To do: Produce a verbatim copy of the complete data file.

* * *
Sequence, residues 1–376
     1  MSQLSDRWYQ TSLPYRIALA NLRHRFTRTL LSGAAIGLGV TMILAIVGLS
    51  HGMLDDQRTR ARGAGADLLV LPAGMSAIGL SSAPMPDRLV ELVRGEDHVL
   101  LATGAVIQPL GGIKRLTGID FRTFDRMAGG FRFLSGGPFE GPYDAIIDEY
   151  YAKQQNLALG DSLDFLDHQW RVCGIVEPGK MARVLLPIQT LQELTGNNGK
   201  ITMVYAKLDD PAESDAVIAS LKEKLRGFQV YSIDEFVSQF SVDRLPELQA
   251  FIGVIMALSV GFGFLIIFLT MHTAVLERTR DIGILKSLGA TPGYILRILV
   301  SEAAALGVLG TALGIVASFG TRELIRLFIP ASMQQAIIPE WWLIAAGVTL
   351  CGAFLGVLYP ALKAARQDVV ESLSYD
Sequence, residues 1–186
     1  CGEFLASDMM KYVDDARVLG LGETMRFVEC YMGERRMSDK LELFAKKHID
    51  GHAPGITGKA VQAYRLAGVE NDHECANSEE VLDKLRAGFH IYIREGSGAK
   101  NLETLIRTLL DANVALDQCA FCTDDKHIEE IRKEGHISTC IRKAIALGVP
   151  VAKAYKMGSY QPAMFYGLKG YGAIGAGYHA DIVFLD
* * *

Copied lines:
Sequence, residues 1–376
     1  MSQLSDRWYQ TSLPYRIALA NLRHRFTRTL LSGAAIGLGV TMILAIVGLS
    51  HGMLDDQRTR ARGAGADLLV LPAGMSAIGL SSAPMPDRLV ELVRGEDHVL
   101  LATGAVIQPL GGIKRLTGID FRTFDRMAGG FRFLSGGPFE GPYDAIIDEY
   151  YAKQQNLALG DSLDFLDHQW RVCGIVEPGK MARVLLPIQT LQELTGNNGK
   201  ITMVYAKLDD PAESDAVIAS LKEKLRGFQV YSIDEFVSQF SVDRLPELQA
   251  FIGVIMALSV GFGFLIIFLT MHTAVLERTR DIGILKSLGA TPGYILRILV
   301  SEAAALGVLG TALGIVASFG TRELIRLFIP ASMQQAIIPE WWLIAAGVTL
   351  CGAFLGVLYP ALKAARQDVV ESLSYD
Sequence, residues 1–186
     1  CGEFLASDMM KYVDDARVLG LGETMRFVEC YMGERRMSDK LELFAKKHID
    51  GHAPGITGKA VQAYRLAGVE NDHECANSEE VLDKLRAGFH IYIREGSGAK
   101  NLETLIRTLL DANVALDQCA FCTDDKHIEE IRKEGHISTC IRKAIALGVP
   151  VAKAYKMGSY QPAMFYGLKG YGAIGAGYHA DIVFLD